The St James Church and its hall sit on the corner of Mt Eden’s View and Esplanade roads.
The hall was built in 1885 and the church in 1900. The hall was closed almost three years ago after being deemed too dangerous by Auckland Council.
The 114-year-old grey concrete church and its neighbouring hall, built 25 years earlier, command a striking presence on the corner of View and Esplanade roads near the foot of Mt Eden.
The Edwardian neo-Classical church and Gothic style hall are both considered good examples of early roughcast church buildings.They were designed by noted architects Robert Watt and John Mitchell. Watt was president of the Auckland branch of the Institute of Architects in 1906 and architect to the Auckland Education Board. He designed notable Auckland buildings including St Stephen’s Presbyterian Church on Jervois Rd.
St James Church, which includes the main building, foyer, vestry and a workroom, is virtually unchanged since it was built in 1900.
It still has its original wooden pulpit, pews, large organ, stained glass windows and sloped wooden floor and its category B listing means these original features must be preserved.
Both buildings, which are listed as Category B by the Auckland Council, were originally built for the Congregational Church. They have predominantly served the Cook Islands community as a Presbyterian Church since the 1970s.
During the last 40 years Ella says the church has been used for countless weddings, funerals, baptisms and youth services as well as various community activities.
Both buildings, on the corner of View and Esplanade Rds, have served predominantly the Cook Islands community as a Presbyterian church since the 1970s.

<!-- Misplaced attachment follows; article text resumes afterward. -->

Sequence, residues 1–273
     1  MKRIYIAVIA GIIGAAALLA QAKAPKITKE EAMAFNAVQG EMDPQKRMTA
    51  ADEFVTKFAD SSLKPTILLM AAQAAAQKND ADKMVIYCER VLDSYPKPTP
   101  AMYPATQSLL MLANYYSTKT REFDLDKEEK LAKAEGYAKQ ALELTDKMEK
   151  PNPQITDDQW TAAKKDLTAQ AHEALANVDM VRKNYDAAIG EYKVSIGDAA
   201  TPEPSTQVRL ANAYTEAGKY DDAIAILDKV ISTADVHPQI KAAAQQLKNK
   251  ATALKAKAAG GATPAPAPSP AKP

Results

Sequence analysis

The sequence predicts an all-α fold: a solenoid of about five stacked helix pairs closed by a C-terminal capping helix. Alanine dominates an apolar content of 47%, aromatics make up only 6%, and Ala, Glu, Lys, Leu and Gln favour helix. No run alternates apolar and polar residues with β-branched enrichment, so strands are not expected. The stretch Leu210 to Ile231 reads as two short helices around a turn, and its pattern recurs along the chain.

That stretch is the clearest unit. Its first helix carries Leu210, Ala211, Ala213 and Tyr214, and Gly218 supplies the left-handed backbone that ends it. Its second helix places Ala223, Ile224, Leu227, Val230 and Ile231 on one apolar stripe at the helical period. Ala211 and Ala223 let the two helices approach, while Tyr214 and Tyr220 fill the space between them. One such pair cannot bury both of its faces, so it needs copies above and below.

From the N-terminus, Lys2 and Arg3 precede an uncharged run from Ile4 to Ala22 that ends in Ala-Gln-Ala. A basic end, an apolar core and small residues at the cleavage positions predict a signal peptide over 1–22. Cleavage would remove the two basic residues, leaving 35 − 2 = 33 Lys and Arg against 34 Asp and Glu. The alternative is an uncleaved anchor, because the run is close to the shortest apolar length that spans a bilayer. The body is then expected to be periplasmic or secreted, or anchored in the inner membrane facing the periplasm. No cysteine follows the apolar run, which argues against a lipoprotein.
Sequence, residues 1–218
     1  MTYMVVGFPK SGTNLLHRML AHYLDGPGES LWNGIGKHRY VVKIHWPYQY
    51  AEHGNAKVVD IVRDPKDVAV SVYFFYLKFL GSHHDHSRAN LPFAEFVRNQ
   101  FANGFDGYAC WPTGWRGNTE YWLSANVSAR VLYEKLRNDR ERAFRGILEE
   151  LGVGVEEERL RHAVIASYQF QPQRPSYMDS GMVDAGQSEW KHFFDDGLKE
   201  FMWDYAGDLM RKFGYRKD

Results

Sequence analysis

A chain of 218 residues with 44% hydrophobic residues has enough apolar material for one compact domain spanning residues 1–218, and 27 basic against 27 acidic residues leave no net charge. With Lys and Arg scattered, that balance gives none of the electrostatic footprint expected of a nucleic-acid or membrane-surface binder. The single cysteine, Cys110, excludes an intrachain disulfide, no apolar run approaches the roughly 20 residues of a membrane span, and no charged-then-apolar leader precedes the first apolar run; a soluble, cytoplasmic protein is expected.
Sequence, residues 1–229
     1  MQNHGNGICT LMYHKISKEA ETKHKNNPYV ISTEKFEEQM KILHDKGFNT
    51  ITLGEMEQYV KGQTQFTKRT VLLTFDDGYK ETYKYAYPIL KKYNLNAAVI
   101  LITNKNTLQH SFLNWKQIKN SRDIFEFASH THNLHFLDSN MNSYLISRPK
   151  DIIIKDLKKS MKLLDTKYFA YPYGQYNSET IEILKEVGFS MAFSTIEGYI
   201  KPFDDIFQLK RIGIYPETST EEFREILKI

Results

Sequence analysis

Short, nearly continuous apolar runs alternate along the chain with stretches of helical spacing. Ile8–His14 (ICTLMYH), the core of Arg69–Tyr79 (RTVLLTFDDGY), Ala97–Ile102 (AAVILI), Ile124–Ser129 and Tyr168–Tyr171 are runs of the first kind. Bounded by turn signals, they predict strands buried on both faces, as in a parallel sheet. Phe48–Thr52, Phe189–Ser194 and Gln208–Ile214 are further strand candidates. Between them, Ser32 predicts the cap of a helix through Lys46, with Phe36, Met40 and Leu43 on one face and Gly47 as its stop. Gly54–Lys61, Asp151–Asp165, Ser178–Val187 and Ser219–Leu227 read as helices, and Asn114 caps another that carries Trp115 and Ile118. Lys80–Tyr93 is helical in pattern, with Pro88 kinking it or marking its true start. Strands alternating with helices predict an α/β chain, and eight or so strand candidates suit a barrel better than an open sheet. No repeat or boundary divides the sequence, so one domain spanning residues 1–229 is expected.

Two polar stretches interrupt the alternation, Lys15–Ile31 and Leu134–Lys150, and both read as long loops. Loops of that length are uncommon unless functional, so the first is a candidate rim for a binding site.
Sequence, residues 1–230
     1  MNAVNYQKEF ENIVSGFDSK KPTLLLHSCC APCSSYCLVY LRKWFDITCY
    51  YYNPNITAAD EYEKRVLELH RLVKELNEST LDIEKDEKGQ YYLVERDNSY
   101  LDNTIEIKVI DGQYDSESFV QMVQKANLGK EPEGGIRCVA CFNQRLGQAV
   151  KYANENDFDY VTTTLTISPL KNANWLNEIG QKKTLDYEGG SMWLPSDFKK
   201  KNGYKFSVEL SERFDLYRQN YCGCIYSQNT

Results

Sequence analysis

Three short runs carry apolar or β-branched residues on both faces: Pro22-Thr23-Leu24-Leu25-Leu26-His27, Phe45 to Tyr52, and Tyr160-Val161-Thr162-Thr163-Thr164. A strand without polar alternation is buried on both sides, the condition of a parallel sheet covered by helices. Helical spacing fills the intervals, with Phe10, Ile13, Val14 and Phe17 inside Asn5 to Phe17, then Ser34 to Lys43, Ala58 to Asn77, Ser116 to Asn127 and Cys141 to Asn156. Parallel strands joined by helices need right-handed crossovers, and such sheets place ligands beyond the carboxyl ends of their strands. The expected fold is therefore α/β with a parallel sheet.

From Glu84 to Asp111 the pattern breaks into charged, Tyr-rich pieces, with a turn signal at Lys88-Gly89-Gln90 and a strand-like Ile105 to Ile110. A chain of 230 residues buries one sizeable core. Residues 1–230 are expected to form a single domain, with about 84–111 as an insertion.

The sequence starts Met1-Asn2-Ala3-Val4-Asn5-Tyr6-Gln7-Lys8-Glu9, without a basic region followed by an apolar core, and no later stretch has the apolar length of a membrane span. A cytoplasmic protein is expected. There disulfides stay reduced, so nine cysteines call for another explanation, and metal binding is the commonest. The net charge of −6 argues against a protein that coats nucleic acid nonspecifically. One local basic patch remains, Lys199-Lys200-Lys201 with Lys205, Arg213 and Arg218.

An inspection by a heritage architect last month found a roof truss showing signs of movement and rotting timbers around the unreinforced concrete/masonry walls of the hall, raising the potential of “catastrophic failure of the walls”.
On April 20, the council issued the dangerous-building notice and the hall was closed and fenced off.
This came as demolition started next door on a two-storey wooden building dating around 1900, which was the first Congregational College in New Zealand.
The property at 16 View Rd is being cleared for housing. Its owner also bought the neighbouring property at No 18 and removed an old villa from the site to build two houses.
“There is not a day that this place is empty,” says Veinga Kaue, the church’s current assistant session clerk, who says she has faith the church could stand another 100 years. She says the parish has done its best to maintain both buildings but is unable to pay for major repairs, including earthquake strengthening, despite fundraising efforts.
“We would love to stay here. Our congregation comes from all over Auckland but we have built our community around Mt Eden. The reality is the cost of repairs and strengthening are way beyond what we can do,” says Veinga.
The site was valued this year at $3.8 million. Earthquake strengthening work is needed for both buildings. The buildings have second-tier heritage protections which restrict what any new owner can do to them. “The cost of repairing them is far too high for the parish to cope with”, Mt Eden Pacific Island Presbyterian Church minister Ngatokotoru Ine said.
Whilst not necessarily haunted, we still enjoy photographing and documenting these rundown but beautiful antique abodes in their current states.
Note: All interior photos were taken through glass windows. We do not encourage the breaking in and entering of buildings.
St James Church
St James Hall